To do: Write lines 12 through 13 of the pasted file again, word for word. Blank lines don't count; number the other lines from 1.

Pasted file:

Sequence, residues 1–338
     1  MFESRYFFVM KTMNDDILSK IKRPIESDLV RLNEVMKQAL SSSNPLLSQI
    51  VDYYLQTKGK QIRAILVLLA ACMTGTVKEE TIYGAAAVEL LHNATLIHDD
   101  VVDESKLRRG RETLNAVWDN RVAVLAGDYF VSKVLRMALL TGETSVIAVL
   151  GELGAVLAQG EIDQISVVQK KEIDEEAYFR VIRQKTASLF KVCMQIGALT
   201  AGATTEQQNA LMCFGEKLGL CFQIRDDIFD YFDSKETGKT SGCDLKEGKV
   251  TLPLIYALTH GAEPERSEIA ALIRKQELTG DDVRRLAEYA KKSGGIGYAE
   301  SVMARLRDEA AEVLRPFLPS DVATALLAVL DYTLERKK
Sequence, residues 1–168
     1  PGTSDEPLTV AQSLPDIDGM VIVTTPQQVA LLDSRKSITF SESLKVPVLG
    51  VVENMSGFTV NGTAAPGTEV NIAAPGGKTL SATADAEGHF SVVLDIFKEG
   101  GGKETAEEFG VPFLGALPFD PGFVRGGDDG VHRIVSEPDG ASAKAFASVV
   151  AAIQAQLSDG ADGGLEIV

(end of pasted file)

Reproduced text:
   101  GGKETAEEFG VPFLGALPFD PGFVRGGDDG VHRIVSEPDG ASAKAFASVV
   151  AAIQAQLSDG ADGGLEIV